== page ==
Next, the acquisition of stem cell properties and passage through an EMT has been reported to increase the resistance to chemotherapeutic agents (22, 23). In accordance with this, we found that suppression of FOXC2 expression in cells that have undergone EMT (HMLE–Snail, HMLE–Twist, and HMLE–TGF-β1) sensitized them to paclitaxel (Fig. 2C). Together, these results indicate FOXC2 expression is necessary for EMT-derived stem cell-like properties in mammary epithelial cells.

FOXC2 is elevated in CSC-enriched populations and is sufficient to promote the generation of CSCs and metastatic competence in transformed human mammary epithelial cells

Previously it has been shown that fluorescence-activated cell sorting (FACS) isolation of breast tumor cells with the CD44high/CD24low cell surface phenotype (3) as well as isolation of tumor cells from mammospheres (33) can enrich for populations of tumor-initiating CSCs. Using this rationale, we FACS isolated CD44high/CD24low and CD44low/CD24high cellular fractions from HMLER and SUM159 breast cancer cell lines and observed increased FOXC2 protein expression in the CD44high/CD24low stem cell fraction relative to the CD44low/CD24high fraction (Fig. 3A). Increased FOXC2 protein expression was also observed in primary mammospheres isolated from HMLER, SUM159, HCC38, and SUM149 cells as compared with the same cells grown in monolayer cultures (Fig. 3B).

Previously, we have reported that ectopic expression of FOXC2 induced partial EMT in Madin–Darby canine kidney epithelial cells and was sufficient to promote the metastasis of EpRas murine mammary carcinoma cells (17). However, whether FOXC2 expression alone can induce EMT and generate CSC-like properties remains unknown. We report here for the first time that ectopic expression of FOXC2 in HMLER cells is sufficient to induce a robust EMT and subsequent CSC-like properties, both in vitro and in vivo. This was displayed as a characteristic switch of morphology to a fibroblastic appearance with a reduction in epithelial-specific E-cadherin, in conjunction with increased expression of mesenchymal markers vimentin, fibronectin, and N-cadherin at the mRNA and protein levels (Supplementary Fig. 2A–2C). Furthermore, HMLER–FOXC2 cells had increased CSC-like properties, including a switch to the CD44high/CD24low cell surface phenotype (Fig. 3C), enhanced mammosphere-forming efficiency (Fig. 3D), and increased resistance to paclitaxel (Fig. 3E). Notably, overexpression of FOXC2 led to increased tumor formation of HMLER cells in the mammary fat-pad (Fig. 3F). In fact, as few as 1 × 103 HMLER–FOXC2 cells could robustly initiate tumors (7/8 sites), whereas at least 2 × 106 HMLER–Vector control cells were required to get a 54% tumor take rate (7/13 sites) within the same 12 week time frame (Fig. 3F).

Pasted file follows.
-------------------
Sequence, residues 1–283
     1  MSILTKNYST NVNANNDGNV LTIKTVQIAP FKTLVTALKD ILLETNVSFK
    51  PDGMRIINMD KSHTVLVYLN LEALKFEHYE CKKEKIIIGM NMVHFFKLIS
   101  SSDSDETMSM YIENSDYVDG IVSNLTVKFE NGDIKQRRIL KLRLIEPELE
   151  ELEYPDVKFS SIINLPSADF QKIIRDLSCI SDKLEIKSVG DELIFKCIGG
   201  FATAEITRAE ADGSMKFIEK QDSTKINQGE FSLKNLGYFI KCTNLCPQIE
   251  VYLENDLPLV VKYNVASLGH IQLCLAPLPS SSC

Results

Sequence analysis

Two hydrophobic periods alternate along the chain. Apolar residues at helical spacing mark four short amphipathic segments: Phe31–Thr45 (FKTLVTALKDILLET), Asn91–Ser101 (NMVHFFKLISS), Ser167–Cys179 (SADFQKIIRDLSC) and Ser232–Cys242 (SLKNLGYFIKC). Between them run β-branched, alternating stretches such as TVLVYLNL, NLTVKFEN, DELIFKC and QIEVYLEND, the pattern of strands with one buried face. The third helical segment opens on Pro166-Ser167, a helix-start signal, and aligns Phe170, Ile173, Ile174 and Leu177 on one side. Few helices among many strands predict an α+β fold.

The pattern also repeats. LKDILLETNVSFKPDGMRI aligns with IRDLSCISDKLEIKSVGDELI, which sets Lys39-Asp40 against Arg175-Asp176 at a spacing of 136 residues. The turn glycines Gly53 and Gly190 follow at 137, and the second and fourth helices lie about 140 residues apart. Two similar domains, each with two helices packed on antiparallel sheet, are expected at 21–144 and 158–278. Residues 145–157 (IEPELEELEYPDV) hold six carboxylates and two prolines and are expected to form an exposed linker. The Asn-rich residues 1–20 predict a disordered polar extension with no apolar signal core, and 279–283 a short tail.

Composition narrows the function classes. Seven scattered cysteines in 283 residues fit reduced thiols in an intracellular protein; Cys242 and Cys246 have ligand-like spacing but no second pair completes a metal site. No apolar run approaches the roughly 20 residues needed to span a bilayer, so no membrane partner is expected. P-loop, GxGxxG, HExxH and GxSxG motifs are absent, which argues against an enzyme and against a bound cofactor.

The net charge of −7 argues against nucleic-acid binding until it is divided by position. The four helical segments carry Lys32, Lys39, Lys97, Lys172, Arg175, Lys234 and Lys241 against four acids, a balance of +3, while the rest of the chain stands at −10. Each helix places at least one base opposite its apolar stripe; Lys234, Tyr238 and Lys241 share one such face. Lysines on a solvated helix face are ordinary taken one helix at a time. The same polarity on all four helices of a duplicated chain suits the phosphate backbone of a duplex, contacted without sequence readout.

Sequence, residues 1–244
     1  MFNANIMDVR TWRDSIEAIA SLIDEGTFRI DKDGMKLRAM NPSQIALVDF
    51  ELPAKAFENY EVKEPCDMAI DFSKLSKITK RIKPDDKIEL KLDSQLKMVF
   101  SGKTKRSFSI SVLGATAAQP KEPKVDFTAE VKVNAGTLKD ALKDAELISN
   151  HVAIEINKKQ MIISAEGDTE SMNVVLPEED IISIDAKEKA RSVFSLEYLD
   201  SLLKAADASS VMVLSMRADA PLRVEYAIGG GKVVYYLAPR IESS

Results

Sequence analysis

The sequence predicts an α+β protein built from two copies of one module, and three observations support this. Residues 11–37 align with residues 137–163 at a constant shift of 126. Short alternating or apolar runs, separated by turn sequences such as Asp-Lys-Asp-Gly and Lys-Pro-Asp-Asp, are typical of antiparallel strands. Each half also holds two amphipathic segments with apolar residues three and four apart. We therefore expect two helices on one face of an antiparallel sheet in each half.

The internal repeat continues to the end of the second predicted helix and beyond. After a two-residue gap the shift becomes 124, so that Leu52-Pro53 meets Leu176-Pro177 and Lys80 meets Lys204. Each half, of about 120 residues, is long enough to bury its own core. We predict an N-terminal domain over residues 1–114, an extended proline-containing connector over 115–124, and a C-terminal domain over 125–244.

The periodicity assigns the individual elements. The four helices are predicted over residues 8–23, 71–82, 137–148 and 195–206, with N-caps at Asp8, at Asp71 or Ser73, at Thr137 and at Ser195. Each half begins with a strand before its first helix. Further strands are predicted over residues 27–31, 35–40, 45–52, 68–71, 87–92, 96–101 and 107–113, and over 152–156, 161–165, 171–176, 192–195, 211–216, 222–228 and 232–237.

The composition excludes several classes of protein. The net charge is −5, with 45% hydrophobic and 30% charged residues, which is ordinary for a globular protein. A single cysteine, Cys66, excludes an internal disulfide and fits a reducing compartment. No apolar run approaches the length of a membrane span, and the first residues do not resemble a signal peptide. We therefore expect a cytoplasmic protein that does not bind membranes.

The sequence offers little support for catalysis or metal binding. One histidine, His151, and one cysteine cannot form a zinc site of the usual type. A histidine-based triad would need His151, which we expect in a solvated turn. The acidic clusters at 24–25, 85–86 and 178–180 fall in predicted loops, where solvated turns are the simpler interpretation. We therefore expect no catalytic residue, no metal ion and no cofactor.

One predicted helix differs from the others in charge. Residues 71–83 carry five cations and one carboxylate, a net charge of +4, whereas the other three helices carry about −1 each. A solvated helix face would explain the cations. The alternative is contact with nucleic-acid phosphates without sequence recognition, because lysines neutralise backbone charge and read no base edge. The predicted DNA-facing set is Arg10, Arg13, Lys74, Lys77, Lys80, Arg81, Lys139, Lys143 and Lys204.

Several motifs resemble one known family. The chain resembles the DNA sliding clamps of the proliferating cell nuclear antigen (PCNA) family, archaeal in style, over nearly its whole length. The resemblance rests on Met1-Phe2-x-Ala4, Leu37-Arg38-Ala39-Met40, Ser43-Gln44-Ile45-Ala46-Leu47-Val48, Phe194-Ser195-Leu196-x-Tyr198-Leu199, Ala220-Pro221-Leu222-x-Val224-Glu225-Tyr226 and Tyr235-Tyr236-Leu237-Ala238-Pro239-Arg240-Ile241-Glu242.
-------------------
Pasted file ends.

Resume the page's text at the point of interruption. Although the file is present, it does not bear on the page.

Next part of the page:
To assess the effect of FOXC2 expression on the orthotopic growth and spontaneous metastasis of HMLER cells, we injected 2 × 106 luciferase-labeled HMLER–FOXC2 or HMLER–Vector cells into the mammary fat-pad of NOD/SCID mice and analyzed for metastases using bioluminescent imaging once per week until the tumors either reached a volume of 1.5 cm3 (28 days for HMLER–FOXC2) or until the end of the experiment after 12 weeks (HMLER–Vector). FOXC2 expression promoted aggressive growth (Fig. 3G) and metastasis of HMLER cells to the lungs, liver, hind leg bone, and most strikingly, to the brain (Fig. 3H) as soon as 28 days postinjection. In contrast, HMLER–Vector cells did not metastasize to any of the organs examined (Fig. 3H) even at the end of the experiment (data not shown). Collectively, these findings suggest that FOXC2 expression is sufficient to promote EMT and CSC properties, including chemoresistance, tumor initiation, and metastatic competence in transformed human mammary epithelial cells.

A FOXC2-associated gene expression signature is enriched in claudin-low human breast tumors

We next investigated whether FOXC2 activity could be observed in metastatic tumors in vivo. As a measure of FOXC2 activity, we generated, using microarray data, a FOXC2 gene expression signature (GES) by comparing the gene expression profile of HMLER cells overexpressing FOXC2 to vector-transduced counterparts. Applying this GES to data from 2 human xenograft models, MDA-MB-231 and CN34, we observed that the FOXC2 GES was significantly higher in metastases compared with the primary tumors in both data sets (Fig. 4A and B). Collectively, these data indicate that the FOXC2-associated signature is enriched in metastases relative to primary tumors.

We previously reported that elevated FOXC2 expression correlated with basal-like breast cancers (17). However, using gene expression profiling, an aggressive claudin-low group has been found within this subtype (34, 35). We found the FOXC2 GES to be significantly enriched in claudin-low human breast tumors (Fig. 4C), as well as in claudin-low cell lines (Fig. 4D) compared with other subtypes. To verify this finding, we conducted a Western blot analysis and found that all claudin-low cell lines analyzed (6/6) expressed FOXC2 at varying degrees, although none of the other cell lines expressed significant levels of FOXC2 (Fig. 4E).

FOXC2 is required for the mesenchymal and CSC-like properties of claudin-low breast cancer cells